Yukon North Of Ordinary

News archive for April 19, 2013

Yukoners remember singing icon’s visit

Whether she was receiving the Order of Canada, bringing her unique voice to fans on stage,

By Stephanie Waddell on April 19, 2013 at 3:34 pm

photo

Photo submitted

MEETING A CANADIAN LEGEND – George Green (left) and Elinore Frederickson (right) were pleased to have Cape Breton singer Rita MacNeil perform in Whitehorse in 2009.

Whether she was receiving the Order of Canada, bringing her unique voice to fans on stage, appearing on an episode of the Trailer Park Boys or just speaking to a fan she met outside an Eaton’s store in Ottawa, Rita MacNeil is being remembered for her kindness and humility.

The 68-year-old Cape Breton folk singer who died earlier this week only spent a day in the territory, but it was enough to make a significant mark on many who met her.

“She was exactly how you’d expect,” Whitehorse resident George Green said in an interview Thursday.

He recalled meeting the beloved singer in 2009, when she visited the territory to perform for those attending a national conference of the Learning Disabilities Association of Canada.

At the time, Green was the executive director of the Learning Disabilities Association of the Yukon, which hosted the three-day event.

With 32 speakers coming from around the world to address some rather serious issues, Green said it was important to have the opportunity for delegates to take in some quality entertainment as well.

“We found Rita,” Green said, recalling the difficulty that came initially when he was dealing with her manager.

As arrangements continued to be made, Green ended up dealing with MacNeil’s son, who often dealt with the business side of his mother’s career. From there, it was “smooth sailing” to have her perform at the High Country Inn convention centre, Green said.

“She was a darling,” he said.

He was asked to drive her from the airport to her hotel when she arrived in the city, and at the time she wasn’t well, as she was dealing with asthma. On the way downtown from the airport, Green wondered if she’d be able to perform.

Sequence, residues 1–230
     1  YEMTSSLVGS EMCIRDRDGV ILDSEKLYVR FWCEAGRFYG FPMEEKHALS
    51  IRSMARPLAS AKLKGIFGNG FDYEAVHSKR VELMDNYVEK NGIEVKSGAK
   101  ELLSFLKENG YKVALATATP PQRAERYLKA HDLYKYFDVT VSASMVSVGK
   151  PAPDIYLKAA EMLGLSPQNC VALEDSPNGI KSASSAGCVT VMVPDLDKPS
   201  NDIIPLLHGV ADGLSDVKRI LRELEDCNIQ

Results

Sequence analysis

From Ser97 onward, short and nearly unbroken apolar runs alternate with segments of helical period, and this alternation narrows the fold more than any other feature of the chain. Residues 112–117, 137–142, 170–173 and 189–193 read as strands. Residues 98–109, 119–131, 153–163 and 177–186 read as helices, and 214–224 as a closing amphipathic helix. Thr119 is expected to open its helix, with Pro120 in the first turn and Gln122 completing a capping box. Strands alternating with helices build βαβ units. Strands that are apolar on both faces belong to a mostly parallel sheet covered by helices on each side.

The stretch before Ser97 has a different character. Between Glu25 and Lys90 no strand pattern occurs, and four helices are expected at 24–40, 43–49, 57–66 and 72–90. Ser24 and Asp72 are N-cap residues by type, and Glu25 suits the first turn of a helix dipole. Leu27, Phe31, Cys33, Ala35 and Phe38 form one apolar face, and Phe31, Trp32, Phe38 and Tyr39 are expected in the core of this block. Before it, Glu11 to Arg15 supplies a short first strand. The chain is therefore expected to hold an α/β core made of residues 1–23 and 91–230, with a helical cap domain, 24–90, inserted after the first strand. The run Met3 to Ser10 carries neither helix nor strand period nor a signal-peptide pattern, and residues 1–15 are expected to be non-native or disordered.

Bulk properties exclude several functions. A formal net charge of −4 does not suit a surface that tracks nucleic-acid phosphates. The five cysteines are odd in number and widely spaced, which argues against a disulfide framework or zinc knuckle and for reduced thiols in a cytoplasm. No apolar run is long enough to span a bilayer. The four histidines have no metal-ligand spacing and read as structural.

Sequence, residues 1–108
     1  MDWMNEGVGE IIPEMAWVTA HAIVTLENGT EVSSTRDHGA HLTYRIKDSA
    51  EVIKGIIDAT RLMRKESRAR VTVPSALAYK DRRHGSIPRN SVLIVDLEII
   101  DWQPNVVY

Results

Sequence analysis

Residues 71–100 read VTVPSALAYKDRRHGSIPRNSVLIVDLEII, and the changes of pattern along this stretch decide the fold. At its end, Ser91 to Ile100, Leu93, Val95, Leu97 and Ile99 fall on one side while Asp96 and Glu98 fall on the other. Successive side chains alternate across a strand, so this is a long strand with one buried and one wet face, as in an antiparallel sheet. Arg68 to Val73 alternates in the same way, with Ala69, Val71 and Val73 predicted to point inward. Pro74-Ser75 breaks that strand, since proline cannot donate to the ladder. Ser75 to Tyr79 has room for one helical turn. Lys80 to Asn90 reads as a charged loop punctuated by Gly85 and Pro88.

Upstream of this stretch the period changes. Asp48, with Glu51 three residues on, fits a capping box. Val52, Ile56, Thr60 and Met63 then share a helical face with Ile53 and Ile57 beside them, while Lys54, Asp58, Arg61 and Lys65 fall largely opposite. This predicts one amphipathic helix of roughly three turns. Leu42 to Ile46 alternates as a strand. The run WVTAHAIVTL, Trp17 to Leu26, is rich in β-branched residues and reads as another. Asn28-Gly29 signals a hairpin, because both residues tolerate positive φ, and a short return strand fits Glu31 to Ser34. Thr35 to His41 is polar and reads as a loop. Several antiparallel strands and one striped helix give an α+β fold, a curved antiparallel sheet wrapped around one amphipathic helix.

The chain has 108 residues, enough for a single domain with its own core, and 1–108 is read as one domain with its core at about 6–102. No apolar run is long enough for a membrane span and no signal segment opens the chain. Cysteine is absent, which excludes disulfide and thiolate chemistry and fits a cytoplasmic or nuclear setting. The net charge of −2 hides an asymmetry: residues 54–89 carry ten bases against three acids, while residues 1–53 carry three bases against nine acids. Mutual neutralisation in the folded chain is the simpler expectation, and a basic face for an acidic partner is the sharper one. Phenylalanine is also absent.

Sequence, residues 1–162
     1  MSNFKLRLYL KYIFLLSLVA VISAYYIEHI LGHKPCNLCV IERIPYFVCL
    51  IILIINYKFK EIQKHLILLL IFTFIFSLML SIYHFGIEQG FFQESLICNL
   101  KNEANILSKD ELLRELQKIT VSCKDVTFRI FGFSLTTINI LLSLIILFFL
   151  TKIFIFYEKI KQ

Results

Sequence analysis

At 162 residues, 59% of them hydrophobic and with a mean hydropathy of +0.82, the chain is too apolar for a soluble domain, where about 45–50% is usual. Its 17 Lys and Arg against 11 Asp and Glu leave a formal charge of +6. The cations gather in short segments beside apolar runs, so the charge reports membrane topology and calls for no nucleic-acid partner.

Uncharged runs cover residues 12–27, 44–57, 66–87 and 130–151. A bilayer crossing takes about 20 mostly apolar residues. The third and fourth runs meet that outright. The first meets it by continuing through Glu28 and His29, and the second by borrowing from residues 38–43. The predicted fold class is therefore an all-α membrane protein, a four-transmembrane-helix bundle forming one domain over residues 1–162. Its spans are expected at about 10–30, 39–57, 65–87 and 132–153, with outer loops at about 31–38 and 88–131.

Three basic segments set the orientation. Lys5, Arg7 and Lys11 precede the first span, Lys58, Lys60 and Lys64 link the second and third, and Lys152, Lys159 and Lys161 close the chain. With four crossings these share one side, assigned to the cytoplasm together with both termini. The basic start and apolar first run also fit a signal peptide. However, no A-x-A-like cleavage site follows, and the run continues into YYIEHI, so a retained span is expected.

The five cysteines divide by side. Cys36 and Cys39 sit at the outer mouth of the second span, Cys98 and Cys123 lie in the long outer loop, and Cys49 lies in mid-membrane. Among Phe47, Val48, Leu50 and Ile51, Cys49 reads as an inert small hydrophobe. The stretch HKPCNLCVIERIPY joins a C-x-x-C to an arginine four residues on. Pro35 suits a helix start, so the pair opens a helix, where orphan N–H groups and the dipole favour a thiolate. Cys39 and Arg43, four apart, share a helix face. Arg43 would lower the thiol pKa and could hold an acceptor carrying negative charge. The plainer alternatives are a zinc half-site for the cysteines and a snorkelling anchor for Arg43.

Although she was ailing, Green said she was exactly the humble, down-to-Earth person he had seen and heard about.

After arriving at the hotel, they had a cup of tea before Green left.

That night – despite her asthma and other health concerns – MacNeil took to the stage and sang the most beautiful version of her signature song Working Man Green says he’d ever heard.

It’s his favourite Rita MacNeil effort, and perhaps the song she’s best known for.

When MacNeil guest-starred on the Trailer Park Boys, they aptly titled the episode Workin’ Man. The story line saw the boys take her tour bus hostage, then force her and the band to harvest marijuana.

A number of actors who worked on the episode have tweeted their condolences, remembering the fun they had on set with the Canadian icon.

Others, from Prime Minister Stephen Harper to singer Anne Murray to the National Music Centre, have expressed their sorrow on social media, remembering the humble performer as well.

As Green commented, she would be the same person whether she was sitting next to the prime minister or a neighbour.

“She definitely had that charm,” he said.

In Whitehorse, it took next to no time for her show to sell out.

“And she gave a command performance,” Green recalled.

It wasn’t just a great performance fans were treated too. Despite her exhaustion following the show, MacNeil told Green to give her 20 minutes, and she’d be back to meet fans who wanted their CDs signed.

Anyone looking for MacNeil’s autograph and to speak with the singer was able to that night.

And even earlier, during the break in her show, she met a woman who had made her mukluks as well as two fans who had come from Old Crow and Dawson City to see her.